The next day was short on miles but I awoke early and headed out hoping to arrive and do some exploring. This also offered me the opportunity to hike slow at these high elevations to be sure my un-aclimatized body could handle it all. I had my ice axe with me as the Forest Service reps couldn’t give me solid beta on what the snow situation would be at 9,000 ft. There was patchy snow but nothing with dangerous exposure so I never used the axe. The high alpine country of this area is stunning. Rugged peaks, broken scree slopes, raggedy old-growth conifers. Being that this is a wilderness area the trail maintenance is at a minimum. The trail disappeared and hikers are forced to follow rock cairns through the pass. Route-finding was moderate to difficult between finding the cairns and moving through the snow.

I followed the cairns down to what I thought was Big Brother Lake, set up camp, had a snack and took a nap as it was still only 9:30 a.m. and I had plenty of time to explore later. Awaking from a wonderful slumber I headed out around the lake to climb the prominent knob in the cirque. Upon reaching the top I noticed there were three lakes in the drainage and not one as denoted on the map I was carrying. I determined that I was actually at an upper lake and that Big Brother was another .25 or .5 miles downstream. I lazied around the rest of the day and waded all over the freezing cold lake until anotehr thunderstorm came speeding in. I had to push my tarp walls out to keep them from blowing in for about ten minutes while the storm raged. When it let up a bit I went out, re-set all my tarp stakes and reinforced them with big rocks. This provided a bomber set up and the rest of the storm had nothing on my shelter.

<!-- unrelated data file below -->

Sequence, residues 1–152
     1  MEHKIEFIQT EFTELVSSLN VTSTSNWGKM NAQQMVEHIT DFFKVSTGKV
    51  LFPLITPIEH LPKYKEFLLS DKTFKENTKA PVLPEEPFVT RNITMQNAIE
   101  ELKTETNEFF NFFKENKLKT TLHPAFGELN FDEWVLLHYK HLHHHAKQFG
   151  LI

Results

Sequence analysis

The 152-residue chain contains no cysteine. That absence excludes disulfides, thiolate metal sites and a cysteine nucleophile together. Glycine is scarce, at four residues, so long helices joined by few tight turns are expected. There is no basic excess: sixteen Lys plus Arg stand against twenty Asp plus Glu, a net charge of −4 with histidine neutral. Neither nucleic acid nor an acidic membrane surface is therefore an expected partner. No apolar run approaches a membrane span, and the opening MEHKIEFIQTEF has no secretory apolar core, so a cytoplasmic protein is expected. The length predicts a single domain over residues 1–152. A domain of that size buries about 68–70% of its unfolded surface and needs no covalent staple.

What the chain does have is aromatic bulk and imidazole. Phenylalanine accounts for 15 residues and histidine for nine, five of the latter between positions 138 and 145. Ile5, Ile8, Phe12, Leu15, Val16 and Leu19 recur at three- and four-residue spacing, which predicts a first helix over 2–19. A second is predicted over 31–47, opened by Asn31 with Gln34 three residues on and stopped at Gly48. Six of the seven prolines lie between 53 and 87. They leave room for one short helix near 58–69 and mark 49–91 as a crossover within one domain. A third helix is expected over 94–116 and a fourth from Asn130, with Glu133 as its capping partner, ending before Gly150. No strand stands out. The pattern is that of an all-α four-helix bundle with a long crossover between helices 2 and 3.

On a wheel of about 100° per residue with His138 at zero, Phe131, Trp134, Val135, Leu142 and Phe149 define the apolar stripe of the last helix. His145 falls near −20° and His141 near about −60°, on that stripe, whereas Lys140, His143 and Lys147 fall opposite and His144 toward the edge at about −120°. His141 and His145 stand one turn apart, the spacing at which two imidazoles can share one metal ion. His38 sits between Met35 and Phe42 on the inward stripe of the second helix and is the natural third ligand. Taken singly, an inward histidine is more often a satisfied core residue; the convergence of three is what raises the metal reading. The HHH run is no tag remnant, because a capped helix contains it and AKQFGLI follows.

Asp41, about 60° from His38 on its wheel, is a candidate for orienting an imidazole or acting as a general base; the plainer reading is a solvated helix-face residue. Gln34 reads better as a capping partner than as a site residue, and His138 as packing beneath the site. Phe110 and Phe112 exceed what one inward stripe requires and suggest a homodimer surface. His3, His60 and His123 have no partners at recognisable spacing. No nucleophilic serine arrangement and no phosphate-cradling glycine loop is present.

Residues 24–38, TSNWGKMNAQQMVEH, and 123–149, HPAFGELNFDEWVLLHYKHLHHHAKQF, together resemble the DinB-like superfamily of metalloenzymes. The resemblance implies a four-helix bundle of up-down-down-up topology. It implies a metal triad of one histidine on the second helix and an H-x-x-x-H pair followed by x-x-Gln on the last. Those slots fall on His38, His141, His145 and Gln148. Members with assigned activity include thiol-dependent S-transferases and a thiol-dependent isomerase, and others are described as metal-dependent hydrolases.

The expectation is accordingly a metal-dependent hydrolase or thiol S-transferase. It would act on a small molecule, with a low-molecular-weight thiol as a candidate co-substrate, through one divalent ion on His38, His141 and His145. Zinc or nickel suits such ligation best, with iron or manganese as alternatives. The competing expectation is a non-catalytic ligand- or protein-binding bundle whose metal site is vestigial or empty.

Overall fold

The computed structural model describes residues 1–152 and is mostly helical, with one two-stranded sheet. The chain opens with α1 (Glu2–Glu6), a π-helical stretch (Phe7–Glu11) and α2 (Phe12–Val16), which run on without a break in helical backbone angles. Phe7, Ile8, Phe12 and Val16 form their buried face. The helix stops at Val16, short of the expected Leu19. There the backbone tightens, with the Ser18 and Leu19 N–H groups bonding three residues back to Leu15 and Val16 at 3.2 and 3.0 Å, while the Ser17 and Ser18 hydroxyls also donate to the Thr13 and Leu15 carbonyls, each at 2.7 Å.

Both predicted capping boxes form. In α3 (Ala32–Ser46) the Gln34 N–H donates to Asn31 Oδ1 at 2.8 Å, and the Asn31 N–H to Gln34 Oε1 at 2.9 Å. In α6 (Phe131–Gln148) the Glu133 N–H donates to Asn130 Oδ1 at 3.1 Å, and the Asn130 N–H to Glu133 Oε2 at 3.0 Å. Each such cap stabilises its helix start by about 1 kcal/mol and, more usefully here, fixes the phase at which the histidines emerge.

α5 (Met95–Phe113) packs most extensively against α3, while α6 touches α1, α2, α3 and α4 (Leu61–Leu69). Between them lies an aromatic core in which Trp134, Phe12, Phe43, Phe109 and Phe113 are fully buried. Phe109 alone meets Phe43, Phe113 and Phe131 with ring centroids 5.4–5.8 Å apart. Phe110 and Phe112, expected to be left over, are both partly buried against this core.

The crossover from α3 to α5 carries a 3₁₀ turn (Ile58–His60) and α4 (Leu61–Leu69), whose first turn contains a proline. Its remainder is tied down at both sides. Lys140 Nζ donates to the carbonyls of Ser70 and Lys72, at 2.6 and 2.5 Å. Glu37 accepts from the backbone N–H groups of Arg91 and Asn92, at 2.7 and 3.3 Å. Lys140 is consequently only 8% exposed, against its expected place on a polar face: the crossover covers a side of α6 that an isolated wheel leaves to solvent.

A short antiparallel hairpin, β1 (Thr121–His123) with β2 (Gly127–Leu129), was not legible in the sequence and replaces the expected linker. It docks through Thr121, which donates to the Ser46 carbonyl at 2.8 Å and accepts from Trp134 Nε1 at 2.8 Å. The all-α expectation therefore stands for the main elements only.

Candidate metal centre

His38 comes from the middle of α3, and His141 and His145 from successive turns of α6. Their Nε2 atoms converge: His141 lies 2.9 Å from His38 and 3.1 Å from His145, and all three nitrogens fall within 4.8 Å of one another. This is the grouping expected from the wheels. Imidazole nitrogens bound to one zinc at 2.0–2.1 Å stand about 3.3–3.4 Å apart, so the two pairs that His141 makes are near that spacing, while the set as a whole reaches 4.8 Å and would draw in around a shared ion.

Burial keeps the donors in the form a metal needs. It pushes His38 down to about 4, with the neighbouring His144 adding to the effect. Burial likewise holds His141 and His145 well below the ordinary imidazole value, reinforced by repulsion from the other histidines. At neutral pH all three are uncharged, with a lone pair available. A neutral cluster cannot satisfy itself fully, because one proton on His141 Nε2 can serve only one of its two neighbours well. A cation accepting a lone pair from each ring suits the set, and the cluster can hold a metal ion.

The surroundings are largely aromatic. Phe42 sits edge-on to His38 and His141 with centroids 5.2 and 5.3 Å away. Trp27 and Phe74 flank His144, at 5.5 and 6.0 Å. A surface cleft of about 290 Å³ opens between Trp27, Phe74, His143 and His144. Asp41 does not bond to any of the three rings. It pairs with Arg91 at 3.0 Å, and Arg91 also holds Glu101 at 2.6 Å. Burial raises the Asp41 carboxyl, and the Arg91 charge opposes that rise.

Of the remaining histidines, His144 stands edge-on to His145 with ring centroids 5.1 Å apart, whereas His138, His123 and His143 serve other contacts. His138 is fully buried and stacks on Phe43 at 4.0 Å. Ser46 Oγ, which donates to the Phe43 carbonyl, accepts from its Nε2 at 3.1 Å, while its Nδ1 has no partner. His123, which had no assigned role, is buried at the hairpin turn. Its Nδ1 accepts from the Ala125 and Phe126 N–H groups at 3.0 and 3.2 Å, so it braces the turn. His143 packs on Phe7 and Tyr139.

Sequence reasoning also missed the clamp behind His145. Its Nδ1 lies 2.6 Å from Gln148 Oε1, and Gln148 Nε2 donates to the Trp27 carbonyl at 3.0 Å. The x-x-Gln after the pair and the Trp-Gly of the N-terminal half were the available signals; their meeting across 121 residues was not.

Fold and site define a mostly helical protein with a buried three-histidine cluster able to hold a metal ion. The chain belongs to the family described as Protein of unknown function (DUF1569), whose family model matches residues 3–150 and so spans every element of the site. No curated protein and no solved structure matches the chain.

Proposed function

6:30 came and I awoke as my body seems to do lately. I packed up, ate some granola and began bushwhacking down to the other lake, hoping that upon arriving there I would be able to find the trail again. I was in luck and I was sailing downhill on good trail in no time. Aside from the 250 downed trees I encountered it was good hiking. I arrived back at the Subaru around 11:00 and was back in Bozeman by 12:00.

North Country Trail, Brule River State Forest

View the trip photos

Early June, 2008. My buddies and I decided to do a couple days on the North Country National Scenic Trail in Northwestern Wisconsin. We planned, we mapped, we discussed. All was going well, a car shuttle was arranged and we were amped. Then one guy hurt his back and the other got very ill. This left me to figure out my plan on the afternoon we were set to leave. I quickly laid out my maps, assessed the situation and decided to go backpacking solo. I rearranged my food stash so as to only carry eats for one and changed out some group gear with solo gear. This put me behind schedule by about an hour but alas the long daylight hours are upon us and I have a trusty headlamp.

I arrived in Solon Springs, WI at a trailhead in the Brule River State Forest around 19:30. I was out of the car and moving fast to stay ahead of the mosquitos. I hiked until approximately 21:00 and arrived at the Jesseth Creek Bluffs campsite just as the sun was setting across the Brule River valley – – gorgeous.